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FAYETTEVILLE, Tenn. (WHNT) — The director of a Tennessee animal shelter says they are being forced to close their doors after county officials failed to provide them with more funding.

“Basically, we asked for more money and they do not see our worth,” said Resa Beasley, director of the Humane Society of Lincoln County and Fayetteville Animal Shelter.

Beasley said increased prices on things like veterinary care, vaccinations, preventative medications, and a lack of adoptions led officials on the Humane Society of Lincoln County board to end animal control services for the city and county.

The shelter, established in 1985, took in almost 800 animals in 2021 and had to euthanize just 16 of them. Beasley said 583 of those animals were microchipped, 561 were spayed or neutered, 753 were vaccinated, and 768 have live outcomes.

“Most every community would be proud of a shelter with this type of outcome,” Beasley continued. “Not the City of Fayetteville or the mayor of Lincoln County. We have to beg each year for more funding. They have told us we don’t euthanize enough animals.”

After the shelter notified the city it would be closing, the city issued a press release saying in part, “Though Humane Society Representatives and City and County Officials have engaged in numerous discussions since the Humane Society issued its notification, there remains a number of issues between the entities which could not be resolved.”

The reaction within the community is understandable outrage.

Fayetteville City Administrator Kevin Owens, who the city says has years of experience and training as a member of the Humane Society of the United States, “understands the challenges of all entities involved.”

“During [his] first weeks in his current position,” the release said, “[Mr. Owens] was tasked with putting together a proposed budget and learned firsthand the difficulties in trying to meet the operational requests of city departments and agencies funded by the City and County. Difficult decisions had to be made in putting together the proposed budget recently approved by the Board of Mayor and Aldermen of the City of Fayetteville.”

Beasley told News 19 that the shelter has been underfunded for years, with the city paying $72,500 and the county paying $62,500 each year. She said there are 11 employees at the shelter, and around half of those are part-time.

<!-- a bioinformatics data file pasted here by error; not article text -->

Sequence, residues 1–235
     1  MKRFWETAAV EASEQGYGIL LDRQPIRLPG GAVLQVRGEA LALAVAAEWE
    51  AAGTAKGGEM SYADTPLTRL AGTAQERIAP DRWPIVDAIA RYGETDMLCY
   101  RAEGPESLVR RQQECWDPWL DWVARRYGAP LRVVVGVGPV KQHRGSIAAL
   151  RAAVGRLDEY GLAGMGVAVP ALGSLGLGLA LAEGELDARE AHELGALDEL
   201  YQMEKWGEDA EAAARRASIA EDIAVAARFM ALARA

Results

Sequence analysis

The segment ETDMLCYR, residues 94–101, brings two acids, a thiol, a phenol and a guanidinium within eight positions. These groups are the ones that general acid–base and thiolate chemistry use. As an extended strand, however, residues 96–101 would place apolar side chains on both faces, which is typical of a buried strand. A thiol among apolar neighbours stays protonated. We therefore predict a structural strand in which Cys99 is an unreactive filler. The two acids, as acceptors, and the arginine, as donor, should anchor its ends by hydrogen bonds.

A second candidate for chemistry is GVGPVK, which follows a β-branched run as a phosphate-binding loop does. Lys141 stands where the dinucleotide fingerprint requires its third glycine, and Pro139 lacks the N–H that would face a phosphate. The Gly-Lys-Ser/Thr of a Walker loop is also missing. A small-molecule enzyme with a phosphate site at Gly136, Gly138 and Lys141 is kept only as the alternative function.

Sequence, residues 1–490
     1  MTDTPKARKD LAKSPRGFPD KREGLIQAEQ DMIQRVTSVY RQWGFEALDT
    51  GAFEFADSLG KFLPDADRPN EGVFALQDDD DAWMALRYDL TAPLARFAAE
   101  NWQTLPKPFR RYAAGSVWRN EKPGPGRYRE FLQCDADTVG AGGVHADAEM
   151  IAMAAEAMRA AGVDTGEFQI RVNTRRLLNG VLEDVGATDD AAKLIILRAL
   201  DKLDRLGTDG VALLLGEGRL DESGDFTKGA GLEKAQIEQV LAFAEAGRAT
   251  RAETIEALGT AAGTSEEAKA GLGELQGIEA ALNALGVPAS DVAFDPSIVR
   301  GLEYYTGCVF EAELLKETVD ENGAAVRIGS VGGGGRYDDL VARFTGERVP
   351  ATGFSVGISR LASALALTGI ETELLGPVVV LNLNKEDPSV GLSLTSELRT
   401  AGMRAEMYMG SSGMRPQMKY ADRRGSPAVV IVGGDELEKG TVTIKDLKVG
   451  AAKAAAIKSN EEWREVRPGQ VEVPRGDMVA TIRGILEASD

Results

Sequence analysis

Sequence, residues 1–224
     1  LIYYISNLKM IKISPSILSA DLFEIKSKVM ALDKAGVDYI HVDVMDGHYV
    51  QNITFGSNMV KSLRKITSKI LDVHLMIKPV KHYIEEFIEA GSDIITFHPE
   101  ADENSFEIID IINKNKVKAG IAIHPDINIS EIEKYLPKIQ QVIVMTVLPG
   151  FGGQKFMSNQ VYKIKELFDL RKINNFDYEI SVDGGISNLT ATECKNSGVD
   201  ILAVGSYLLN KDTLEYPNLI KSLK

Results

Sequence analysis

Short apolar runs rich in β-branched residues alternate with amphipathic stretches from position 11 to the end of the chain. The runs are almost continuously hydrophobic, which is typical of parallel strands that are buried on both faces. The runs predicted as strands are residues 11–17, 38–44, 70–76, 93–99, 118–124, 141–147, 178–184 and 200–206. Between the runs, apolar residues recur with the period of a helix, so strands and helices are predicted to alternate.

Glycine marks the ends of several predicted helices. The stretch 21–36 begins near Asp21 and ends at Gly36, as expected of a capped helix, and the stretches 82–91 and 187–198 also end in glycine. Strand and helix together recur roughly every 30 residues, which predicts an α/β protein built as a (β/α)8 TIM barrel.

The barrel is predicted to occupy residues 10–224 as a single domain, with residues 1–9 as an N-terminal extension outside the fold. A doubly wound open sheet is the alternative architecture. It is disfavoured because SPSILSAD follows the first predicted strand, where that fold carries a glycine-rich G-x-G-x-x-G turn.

“The Humane Society wants to continue to fight the good fight for animal welfare in our community,” Beasley said. “However, we can’t do it with zero funding by the city and county.”

Pictures showing the conditions inside the shelter were shared with News 19 by someone wishing to remain anonymous. Images show parts of the ceiling that are caving in, mold in some areas, and an electrical outlet next to a puppy kennel that caught fire.

“We just want support from our local government and not have to beg for funding,” she continued. “This is my attempt, last-ditch effort for my staff and the animals of Lincoln County.”

In the city’s press release, they say they will continue working to develop plans to provide effective animal control services “available within the budgetary constraints,” saying they have reached out to many other organizations providing care in the area.

“The City and County wish the Humane Society of Lincoln County well in its future endeavors.”

“They realize the challengers arising fro the termination of the longstanding partnership with the Humane Society and are working to address them, both with short-term and long-term plans that will be announced in the coming days.”

City of Fayetteville

According to Beasley, the shelter covers 570 square miles of Lincoln Count and almost 10 square miles of the City of Fayetteville. She said they currently have 165 animals in the shelter.

More information about the shelter can be found here. If you want to make a donation to the shelter, you can do that here. They have also currently cut prices on adoptions in an effort to get the animals still in the shelter into a safe place.

You can read the full press release here from the city and county regarding the shelter announcing its closure.